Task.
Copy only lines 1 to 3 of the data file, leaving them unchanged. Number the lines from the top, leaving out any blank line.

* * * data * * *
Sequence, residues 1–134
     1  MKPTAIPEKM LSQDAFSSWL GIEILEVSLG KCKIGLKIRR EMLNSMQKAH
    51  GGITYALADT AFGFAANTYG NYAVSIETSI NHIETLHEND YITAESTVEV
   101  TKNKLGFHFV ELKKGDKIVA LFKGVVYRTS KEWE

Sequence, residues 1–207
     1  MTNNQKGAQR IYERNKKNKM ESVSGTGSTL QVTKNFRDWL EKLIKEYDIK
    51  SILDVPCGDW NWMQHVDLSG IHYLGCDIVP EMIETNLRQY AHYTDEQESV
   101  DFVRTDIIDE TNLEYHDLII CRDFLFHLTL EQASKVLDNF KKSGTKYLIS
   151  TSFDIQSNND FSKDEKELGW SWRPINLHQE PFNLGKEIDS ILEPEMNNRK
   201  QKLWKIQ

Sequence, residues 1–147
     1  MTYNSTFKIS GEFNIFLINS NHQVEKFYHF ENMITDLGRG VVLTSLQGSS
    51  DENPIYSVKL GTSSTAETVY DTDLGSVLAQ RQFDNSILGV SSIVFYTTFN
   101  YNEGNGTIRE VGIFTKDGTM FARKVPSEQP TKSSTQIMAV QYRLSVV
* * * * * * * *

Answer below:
Sequence, residues 1–134
     1  MKPTAIPEKM LSQDAFSSWL GIEILEVSLG KCKIGLKIRR EMLNSMQKAH
    51  GGITYALADT AFGFAANTYG NYAVSIETSI NHIETLHEND YITAESTVEV